Department of Chemistry


The chemistry department has created a legacy of developing a highly competent, confident and skilled work force, which outstandingly serves the chemical industry and academia. The program is designed to match the professional demand for highly skilled personnel in industry and provide specific training in core areas of chemistry as well as specialized expertise. The chemistry department is well equipped with a large number of modern instruments and includes a full-time instrument specialist who trains faculty and students. Upper-level chemistry majors are trained in the use of modern analytical instrumentation currently used in chemical and biochemical industrial laboratories. All chemistry courses and directed electives in physics and mathematics that constitute the chemistry program are carefully integrated to provide students with a strong foundation in the physical sciences.  View our chemistry program here.

Learn more about each of our programs:

  • BS in Chemistry
  • BA in Chemistry
  • Minor in Chemistry
  • MS in Materials Chemistry

The chemistry program is designed to prepare students for challenging careers in science, technology, and related fields. Our faculty are available and eager to help students both with specific questions about chemistry and larger questions about career development. Most chemistry students are employed within three months of the completion of their degree. Upon graduation, students find employment in a wide variety of industries that require expertise in chemistry or they can continue study in graduate programs leading to an advanced degree in the physical sciences. Industries and areas in which our chemistry graduates gain employment include pharmaceuticals, health care products, electronic materials, hospitals, homeland security, law enforcement, environmental agencies, manufacturing plants, materials companies, and patent offices. They are also prepared for teaching careers at the middle school and high school level.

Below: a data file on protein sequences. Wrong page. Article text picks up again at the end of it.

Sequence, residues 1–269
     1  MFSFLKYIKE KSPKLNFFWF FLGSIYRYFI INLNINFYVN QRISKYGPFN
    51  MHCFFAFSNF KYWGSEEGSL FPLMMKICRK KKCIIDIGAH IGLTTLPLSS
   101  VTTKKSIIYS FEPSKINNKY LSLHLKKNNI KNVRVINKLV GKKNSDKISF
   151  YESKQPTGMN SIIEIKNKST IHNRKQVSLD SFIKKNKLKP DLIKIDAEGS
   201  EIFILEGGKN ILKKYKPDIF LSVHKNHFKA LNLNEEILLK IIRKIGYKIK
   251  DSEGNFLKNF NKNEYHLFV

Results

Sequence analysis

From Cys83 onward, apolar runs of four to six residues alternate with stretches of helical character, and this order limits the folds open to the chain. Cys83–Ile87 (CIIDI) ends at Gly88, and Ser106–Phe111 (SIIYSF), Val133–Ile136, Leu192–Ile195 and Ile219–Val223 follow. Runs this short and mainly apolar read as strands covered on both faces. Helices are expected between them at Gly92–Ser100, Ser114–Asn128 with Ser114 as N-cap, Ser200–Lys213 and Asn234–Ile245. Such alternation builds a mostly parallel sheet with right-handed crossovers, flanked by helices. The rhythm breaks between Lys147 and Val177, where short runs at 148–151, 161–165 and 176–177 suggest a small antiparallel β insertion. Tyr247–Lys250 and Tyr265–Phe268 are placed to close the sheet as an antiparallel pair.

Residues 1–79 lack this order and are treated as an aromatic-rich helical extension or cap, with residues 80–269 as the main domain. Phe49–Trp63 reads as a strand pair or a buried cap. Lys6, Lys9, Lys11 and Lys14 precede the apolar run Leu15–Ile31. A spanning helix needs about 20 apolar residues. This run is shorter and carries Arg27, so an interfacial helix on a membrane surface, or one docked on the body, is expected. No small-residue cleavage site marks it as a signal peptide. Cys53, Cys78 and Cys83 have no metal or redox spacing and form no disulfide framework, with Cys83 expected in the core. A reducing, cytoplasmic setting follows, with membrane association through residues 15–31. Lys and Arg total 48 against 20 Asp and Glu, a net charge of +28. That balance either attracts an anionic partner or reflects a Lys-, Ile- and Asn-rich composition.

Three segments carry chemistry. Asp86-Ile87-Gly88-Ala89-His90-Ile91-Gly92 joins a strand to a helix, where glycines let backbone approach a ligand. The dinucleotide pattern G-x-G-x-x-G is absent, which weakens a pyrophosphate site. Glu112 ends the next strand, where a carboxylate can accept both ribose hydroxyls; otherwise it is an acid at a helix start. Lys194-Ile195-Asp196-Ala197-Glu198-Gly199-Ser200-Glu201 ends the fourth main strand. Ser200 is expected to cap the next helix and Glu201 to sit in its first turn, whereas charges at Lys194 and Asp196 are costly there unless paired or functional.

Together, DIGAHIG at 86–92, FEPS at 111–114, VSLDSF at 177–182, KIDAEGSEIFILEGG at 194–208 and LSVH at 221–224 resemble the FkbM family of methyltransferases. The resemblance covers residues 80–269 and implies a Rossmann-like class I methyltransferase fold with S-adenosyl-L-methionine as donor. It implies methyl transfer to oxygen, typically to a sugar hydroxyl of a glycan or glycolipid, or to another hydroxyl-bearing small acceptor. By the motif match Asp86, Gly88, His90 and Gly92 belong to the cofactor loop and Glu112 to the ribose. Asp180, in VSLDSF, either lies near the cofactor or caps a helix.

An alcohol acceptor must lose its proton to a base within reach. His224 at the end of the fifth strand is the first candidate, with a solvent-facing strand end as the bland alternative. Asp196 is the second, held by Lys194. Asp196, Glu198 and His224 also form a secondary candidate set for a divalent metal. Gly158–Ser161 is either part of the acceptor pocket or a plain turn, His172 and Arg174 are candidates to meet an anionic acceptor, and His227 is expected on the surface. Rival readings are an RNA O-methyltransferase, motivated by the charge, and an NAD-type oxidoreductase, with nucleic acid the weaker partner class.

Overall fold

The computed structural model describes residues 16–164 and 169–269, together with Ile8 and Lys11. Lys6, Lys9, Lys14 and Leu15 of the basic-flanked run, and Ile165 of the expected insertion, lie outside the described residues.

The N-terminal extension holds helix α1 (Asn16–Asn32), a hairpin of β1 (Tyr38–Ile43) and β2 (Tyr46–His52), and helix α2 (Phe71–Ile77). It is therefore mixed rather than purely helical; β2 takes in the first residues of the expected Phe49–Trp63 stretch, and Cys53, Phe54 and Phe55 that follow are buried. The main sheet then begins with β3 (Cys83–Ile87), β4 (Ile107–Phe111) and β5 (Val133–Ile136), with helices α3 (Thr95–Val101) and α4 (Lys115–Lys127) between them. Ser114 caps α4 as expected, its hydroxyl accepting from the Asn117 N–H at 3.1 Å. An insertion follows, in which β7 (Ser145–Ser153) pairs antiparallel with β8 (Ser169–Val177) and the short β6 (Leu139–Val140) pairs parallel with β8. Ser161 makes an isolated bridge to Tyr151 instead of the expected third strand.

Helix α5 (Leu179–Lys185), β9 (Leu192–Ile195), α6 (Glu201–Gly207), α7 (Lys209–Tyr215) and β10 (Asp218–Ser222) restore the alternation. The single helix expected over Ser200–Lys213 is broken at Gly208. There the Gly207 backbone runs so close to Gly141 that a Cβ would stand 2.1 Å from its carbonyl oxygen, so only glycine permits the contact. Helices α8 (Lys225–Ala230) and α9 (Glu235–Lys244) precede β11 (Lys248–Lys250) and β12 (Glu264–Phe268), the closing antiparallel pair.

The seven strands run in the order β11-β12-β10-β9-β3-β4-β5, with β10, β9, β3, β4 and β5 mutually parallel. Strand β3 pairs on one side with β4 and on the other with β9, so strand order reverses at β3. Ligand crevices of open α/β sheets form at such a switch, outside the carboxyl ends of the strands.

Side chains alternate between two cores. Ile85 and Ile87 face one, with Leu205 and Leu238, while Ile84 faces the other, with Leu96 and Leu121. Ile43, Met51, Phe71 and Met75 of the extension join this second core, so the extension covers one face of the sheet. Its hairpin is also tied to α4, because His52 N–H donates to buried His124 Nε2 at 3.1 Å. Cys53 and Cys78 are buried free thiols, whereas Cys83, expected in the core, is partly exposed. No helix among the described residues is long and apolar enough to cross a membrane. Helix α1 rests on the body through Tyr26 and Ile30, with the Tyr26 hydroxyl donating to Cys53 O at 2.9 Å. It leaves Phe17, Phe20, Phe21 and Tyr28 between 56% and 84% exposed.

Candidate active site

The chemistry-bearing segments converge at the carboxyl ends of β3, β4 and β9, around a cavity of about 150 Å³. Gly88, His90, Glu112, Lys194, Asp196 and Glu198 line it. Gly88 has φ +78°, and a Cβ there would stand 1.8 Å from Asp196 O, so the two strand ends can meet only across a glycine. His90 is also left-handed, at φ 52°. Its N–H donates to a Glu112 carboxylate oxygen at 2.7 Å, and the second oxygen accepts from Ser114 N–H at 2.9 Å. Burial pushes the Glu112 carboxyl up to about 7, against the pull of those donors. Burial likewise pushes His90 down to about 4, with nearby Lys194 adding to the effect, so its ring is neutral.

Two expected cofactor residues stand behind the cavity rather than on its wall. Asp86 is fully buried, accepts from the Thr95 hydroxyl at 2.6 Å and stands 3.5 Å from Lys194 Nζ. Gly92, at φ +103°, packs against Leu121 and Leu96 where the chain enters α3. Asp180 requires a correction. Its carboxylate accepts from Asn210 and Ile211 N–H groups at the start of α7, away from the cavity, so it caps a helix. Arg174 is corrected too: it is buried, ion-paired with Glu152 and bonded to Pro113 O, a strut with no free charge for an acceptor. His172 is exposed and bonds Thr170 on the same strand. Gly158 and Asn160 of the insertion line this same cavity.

Department Spotlight


Jason Codrington '17 used computational strategies to design nanomaterials that can harvest sunlight and direct its energy into molecules as part of a student research team. He plans to pursue his PhD in theoretical physical chemistry and computational biophysics.